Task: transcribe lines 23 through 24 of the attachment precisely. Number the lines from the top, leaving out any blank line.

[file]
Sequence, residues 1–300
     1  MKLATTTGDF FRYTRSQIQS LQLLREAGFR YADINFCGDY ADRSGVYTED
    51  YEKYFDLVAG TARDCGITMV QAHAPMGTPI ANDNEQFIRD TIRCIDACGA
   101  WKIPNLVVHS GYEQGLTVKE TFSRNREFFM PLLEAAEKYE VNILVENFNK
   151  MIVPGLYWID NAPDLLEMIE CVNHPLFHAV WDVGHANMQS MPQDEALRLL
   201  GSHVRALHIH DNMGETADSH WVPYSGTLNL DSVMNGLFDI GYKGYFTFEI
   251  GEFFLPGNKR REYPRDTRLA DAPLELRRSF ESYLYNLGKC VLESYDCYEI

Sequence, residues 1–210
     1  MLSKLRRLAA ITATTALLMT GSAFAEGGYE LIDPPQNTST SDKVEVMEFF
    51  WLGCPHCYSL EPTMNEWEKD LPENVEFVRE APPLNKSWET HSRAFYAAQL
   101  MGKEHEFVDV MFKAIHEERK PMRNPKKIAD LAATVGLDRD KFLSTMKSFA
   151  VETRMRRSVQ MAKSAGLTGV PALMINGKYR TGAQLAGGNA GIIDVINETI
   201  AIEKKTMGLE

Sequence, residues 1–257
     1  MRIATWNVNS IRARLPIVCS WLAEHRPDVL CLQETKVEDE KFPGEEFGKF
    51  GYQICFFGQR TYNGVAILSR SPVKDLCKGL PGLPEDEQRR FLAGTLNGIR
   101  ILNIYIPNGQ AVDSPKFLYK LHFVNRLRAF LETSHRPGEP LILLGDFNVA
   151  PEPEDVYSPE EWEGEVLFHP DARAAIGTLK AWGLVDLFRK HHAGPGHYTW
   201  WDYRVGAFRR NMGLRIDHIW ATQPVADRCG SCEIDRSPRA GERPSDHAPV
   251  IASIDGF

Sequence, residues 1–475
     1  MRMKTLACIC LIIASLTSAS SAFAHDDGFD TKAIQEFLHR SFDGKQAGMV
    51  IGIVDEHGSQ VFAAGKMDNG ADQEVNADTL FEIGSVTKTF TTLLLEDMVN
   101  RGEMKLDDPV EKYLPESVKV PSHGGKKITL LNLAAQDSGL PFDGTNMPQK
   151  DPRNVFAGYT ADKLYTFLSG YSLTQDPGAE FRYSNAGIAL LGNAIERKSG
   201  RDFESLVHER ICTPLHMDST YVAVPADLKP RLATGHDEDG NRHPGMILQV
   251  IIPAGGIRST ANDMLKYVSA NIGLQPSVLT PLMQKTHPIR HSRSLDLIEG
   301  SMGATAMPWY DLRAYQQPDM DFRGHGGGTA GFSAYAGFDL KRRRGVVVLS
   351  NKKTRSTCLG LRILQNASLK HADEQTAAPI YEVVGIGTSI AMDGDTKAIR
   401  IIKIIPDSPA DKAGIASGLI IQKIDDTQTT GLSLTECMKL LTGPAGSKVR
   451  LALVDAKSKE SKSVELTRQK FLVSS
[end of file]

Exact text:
    51  IGIVDEHGSQ VFAAGKMDNG ADQEVNADTL FEIGSVTKTF TTLLLEDMVN
   101  RGEMKLDDPV EKYLPESVKV PSHGGKKITL LNLAAQDSGL PFDGTNMPQK